The ox-drawn plow has not disappeared. The next day in another part of the plateau I found a field being plowed by a team of oxen.The nearest village had a cart being pulled by oxen, the only such ancient transport I saw. Relative prosperity has reached this part of the country. The result is that internal combustion engines are replacing animals. Can batteries replace them? It may be a while before electric tractors take over the world.
Some weeks ago I noticed that junk calls from telemarketers was decreasing in frequency. I put this fortunate circumstance down to the pandemic. After all, these immense telemarketing operations are super-spreading venues, and must have been closed down. I suppose that meant that some of these jobs went into a gig economy. I guess that the extreme incoherence of some recent telemarketers, and the high levels of background noise in their calls could be due to this. Now the market has stabilized again, not due to vaccines, but because of automation. Today I was woken in the morning by an automated telemarketer.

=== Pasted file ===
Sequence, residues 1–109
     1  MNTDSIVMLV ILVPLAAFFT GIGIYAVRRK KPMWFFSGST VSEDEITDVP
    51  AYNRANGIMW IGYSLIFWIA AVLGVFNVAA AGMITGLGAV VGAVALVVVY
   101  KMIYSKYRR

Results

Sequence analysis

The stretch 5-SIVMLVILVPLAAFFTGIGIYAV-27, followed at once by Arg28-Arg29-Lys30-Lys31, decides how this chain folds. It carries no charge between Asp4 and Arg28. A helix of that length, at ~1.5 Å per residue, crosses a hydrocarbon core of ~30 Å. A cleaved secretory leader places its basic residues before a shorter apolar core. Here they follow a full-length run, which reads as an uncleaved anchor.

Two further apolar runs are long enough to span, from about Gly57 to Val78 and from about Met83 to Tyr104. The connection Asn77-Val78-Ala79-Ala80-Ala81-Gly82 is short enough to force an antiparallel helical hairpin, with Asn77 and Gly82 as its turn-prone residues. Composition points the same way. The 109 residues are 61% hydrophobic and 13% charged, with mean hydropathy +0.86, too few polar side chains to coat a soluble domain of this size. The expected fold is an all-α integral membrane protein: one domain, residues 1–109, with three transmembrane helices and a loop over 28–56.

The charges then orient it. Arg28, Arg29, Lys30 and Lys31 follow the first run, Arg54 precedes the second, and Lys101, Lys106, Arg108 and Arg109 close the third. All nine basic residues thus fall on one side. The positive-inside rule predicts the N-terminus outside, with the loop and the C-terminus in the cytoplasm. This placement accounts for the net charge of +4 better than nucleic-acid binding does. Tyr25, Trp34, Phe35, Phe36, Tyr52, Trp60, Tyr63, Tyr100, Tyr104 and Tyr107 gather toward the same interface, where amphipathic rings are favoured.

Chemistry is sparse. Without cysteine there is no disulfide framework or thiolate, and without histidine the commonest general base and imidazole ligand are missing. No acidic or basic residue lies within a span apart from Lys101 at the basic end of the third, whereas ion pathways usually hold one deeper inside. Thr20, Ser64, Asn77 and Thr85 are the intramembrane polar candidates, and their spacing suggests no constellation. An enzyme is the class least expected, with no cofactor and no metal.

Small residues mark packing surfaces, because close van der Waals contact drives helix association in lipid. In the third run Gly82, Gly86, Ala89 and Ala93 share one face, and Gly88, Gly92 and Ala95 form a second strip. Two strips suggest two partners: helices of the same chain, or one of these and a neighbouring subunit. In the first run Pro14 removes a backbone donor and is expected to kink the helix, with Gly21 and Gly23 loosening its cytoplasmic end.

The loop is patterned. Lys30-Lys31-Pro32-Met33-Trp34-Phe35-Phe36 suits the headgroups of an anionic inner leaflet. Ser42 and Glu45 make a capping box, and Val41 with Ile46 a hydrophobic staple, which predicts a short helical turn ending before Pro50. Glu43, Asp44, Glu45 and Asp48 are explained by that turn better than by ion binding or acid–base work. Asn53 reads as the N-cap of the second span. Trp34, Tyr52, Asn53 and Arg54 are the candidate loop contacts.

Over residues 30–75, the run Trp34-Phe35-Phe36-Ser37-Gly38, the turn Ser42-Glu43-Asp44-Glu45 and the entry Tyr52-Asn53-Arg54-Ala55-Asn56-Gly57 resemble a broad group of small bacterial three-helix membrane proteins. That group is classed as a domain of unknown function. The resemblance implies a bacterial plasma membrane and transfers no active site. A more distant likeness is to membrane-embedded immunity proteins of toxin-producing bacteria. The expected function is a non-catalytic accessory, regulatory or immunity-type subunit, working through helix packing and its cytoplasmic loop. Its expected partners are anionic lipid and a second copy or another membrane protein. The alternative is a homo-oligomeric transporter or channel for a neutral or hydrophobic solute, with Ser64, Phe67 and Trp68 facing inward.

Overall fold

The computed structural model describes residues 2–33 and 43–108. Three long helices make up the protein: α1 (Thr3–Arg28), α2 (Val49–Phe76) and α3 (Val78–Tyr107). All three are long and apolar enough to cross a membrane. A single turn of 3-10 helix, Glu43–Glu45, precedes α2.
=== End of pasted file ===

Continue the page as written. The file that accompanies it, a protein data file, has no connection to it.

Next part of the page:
I always fall into the bullshit. Why? Socks on in bed—the devil is a lie.
Travel agents were losing business for a while, and the pandemic has killed them off. Retailers have bounced back, but not exactly to where they used to be. Online marketing has taken on a larger share of the market, and the pandemic has moved a larger number of people into delivery gigs. A couple of times I opened the door for a delivery and saw a man older than me. I wonder what their stories are. Sudden loss of a job? Death of the main bread-earner in the family? While this low-paying job market seems poised for growth, how long will it be before delivery is further automated? The gig economy is a passing phase: it is the automation of shops and customer service counters. Now the automation is reaching deeper: right into the service being provided. The pandemic provides a window where accepting this change becomes easier.